Today, the company opened a motor lab in Shanghai, making it the latest addition to a series of global facilities that contribute to the development and testing of components for electric cars. The lab will mainly focus on the development of motors for electric and hybrid cars based on the company’s upcoming SPA 2 architecture.
According to Volvo’s Chief Technology Officer, Henrik Green, in-house design allows the company to “fine-tune (their) e-motors to ever better levels”.
The new scheme by the Swedish car maker – which consists of making significant investments that contribute to the in-house development electric motors – is one of the company’s several steps as it moves closer to becoming a completely electrified car maker.
Volvo states that through these investments, by 2025 all of its sales will be for electric of hybrid cars. The company also plans to continue the policy of electrification in order to become carbon-neutral by 2040, which they hope to attain through tackling of carbon emissions in its manufacturing network, and also through the recycling and reuse of materials.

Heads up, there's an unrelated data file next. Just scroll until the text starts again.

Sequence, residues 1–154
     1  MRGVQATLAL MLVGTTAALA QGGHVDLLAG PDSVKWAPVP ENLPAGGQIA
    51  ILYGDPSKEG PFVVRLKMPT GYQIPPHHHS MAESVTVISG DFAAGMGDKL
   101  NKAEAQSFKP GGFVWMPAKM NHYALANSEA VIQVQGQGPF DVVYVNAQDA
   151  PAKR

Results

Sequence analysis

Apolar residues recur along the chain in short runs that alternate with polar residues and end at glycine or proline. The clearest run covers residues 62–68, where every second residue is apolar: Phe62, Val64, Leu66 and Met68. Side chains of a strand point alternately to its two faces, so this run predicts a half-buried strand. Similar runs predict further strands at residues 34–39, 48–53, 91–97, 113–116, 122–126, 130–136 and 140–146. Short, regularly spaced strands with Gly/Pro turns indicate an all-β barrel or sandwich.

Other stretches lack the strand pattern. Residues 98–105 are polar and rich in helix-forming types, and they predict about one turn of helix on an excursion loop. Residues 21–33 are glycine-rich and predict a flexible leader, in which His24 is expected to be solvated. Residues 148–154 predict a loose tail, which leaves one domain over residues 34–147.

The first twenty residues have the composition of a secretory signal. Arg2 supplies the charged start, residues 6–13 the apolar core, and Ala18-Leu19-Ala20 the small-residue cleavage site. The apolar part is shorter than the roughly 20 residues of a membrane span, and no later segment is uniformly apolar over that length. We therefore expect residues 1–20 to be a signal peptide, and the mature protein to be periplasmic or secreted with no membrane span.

The plans do sound very ambitious, although based on the economic situation that many of the people around the world are going to go through following the pandemic, I do doubt that there will be many customers who will want to purchase these admittedly expensive cars.
Still, I support the company’s plans and I wish them all the best.